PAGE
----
Champions Trophy 2017: Pakistan's way of going about their business does not make sense but it works

Hassan Cheema 16:29 15/06/2017
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It was a commanding performance by Pakistan in Cardiff.

England had batted first 24 times since the 2015 World Cup. They’d scored over 270 in 19 of those. Even when they didn’t get there they did so because they went too hard too quickly. In two of the five exceptions they were bowled out within 35 overs, in two others they were bowled out while going at a rate of 5.2 runs per over.

And then there was the 24th instance, the fly in the ointment, the one match which truly was the exception. Against Pakistan in Abu Dhabi in November 2015, England found themselves with their typical solid platform – 145-3 after 30 overs with two set batsmen at the crease. Unable to play Pakistani spin and Mohammad Irfan at the death, they succumbed to 216 all out. It was the only match Pakistan won in that series.

That wasn’t going to be the case here, surely? The other 23 matches provided a better window into new England than one random game at a massive ground on a dry wicket, especially since they were taking on a team that had only had one successful chase over 270 since the World Cup two years ago. That’s a score England can achieve when playing far below their best. On Wednesday, so as long as they avoided doing an Abu Dhabi, they would be fine.

Well, that’s easier said than done. After 30 overs in Cardiff, England were 136-3 – a total far below their expectations, but still with a solid enough platform. The trio of Pakistani spinners by then had bowled 18 of the overs and had gone at just 4.00 an over. On a dry wicket England look frazzled. But they’d done the hard part. With seven wickets in hand, a doubling of the score (which would require going at just under seven an over) would take them to 270 – a score that would have been too much for Pakistan.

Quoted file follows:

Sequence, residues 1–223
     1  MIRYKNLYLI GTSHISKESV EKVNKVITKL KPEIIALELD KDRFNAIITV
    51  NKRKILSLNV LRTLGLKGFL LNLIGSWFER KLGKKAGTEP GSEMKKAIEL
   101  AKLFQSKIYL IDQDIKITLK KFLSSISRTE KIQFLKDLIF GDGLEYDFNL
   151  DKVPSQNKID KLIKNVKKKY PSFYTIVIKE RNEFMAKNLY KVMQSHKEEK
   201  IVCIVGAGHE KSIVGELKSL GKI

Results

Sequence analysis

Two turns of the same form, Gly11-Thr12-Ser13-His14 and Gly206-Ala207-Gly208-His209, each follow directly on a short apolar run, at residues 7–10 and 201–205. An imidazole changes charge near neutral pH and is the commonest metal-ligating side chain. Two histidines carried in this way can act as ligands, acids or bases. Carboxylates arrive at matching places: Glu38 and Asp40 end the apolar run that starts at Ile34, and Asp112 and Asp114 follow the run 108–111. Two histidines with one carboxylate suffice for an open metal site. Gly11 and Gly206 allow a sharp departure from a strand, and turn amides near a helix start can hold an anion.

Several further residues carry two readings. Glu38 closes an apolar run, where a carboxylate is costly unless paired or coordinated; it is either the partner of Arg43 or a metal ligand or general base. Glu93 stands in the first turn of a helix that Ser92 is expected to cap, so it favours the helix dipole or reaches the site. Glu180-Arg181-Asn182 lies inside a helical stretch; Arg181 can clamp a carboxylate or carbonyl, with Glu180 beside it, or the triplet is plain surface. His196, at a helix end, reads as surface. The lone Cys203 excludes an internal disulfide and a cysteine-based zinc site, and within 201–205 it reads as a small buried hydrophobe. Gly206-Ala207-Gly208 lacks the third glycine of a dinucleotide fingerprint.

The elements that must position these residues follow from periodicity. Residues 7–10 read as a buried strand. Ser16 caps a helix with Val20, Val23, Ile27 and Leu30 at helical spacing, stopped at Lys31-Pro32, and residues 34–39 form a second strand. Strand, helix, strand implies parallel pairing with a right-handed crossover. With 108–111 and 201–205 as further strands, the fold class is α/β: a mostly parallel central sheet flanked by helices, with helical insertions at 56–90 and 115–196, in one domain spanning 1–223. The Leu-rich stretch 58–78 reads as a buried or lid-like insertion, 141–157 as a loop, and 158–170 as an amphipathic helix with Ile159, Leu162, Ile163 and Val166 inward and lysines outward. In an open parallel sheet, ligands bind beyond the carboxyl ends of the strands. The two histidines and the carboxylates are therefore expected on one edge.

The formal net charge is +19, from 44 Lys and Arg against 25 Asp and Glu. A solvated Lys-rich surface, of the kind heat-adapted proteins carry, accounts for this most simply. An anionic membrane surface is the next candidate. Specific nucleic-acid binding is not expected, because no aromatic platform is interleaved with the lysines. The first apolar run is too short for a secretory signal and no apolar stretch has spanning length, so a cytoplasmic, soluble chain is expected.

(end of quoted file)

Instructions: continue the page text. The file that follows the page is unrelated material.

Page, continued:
Pakistan don’t play modern cricket. In Test matches, they have been extremely successful over the last seven years, partly because they are able to play against the mindset of other teams. Modern players lack patience, so that becomes Pakistan’s biggest strength. They lack discipline so that’s where Pakistan target them. But this isn’t something Pakistan can do in ODI cricket. The game here is tilted far too much towards the batting, the format itself rewards the modern mentality, and the rules make it ever harder to translate what succeeds in Test cricket. Thus Pakistan have found themselves on a constant decline for a decade and a half.

But what happens if you mess with the opposition’s plans here. What happens if you treat the span immediately after the 30th over to try and take wickets, to throw the other team off their game. If it comes off you have the momentum. And there is no team, perhaps in any sport, that rides that beast quite like Pakistan. For them it isn’t merely an attribute, it is pretty much a belief system – the idea that whoever has the momentum is the one who wins, regardless of quality. There is no way to quantify it, nor a path to summon it whenever needs be.Ā 

And that’s what Pakistan have stumbled upon, or planned without ever telling anyone. They’ve realized that if they control the overs from the 30th to the 40th, they can cover so much. Against India they conceded 51 runs in the ten over spell, at a lower run rate than the 30 overs prior to it. Against South Africa they had already taken six wickets in the first 30 overs, but still they conceded only 35 runs in the next ten, so that even a possible late assault couldn’t really hurt them. Against Sri Lanka that phase of play brought four wickets for just 25 runs as Hasan Ali and Junaid Khan bowled like they were imbibed by the spirit of the two Ws. Thus it’s fair to say England had been warned. 136-3 was not as safe as they assumed.

On the surface, it makes no sense. With different balls from either end you can’t really expect much reverse. How much can a fifteen overs old ball really swing, no matter how much it been worked on? It’s not as if Pakistan’s reliance in those overs is on their spinners either. By all logic and cricket understanding it’s a strategy that shouldn’t make sense, but it works. That pretty much explains Pakistan cricket – it shouldn’t make sense, but somehow it works.

And it worked against England too. 136-3 became 169-6 over the next ten overs. Each of the three wickets fell to the pacers, and suddenly it needed an otherworldly innings for England to get to 270. Pakistan have broken down how every team likes to bat and decided to throw a spanner right in when teams begin to accelerate. Again, it’s a strategy that shouldn’t work, but Junaid and Hasan have made it work.

And that’s really the story of this team. A former wonderkid who might have had more injuries than wickets in the last couple of years has started bowling like his old self. And a kid who was supposed to be nothing more than a decent new ball bowler has become the standout old ball bowler in an ICC tournament. Those are not players you can replicate and build a template around. But if you plan well, if you field like you’ve never done before, if you break the game down and start playing as a small team, then those guys become match winners.

It really doesn’t make any sense whatsoever. But it works.

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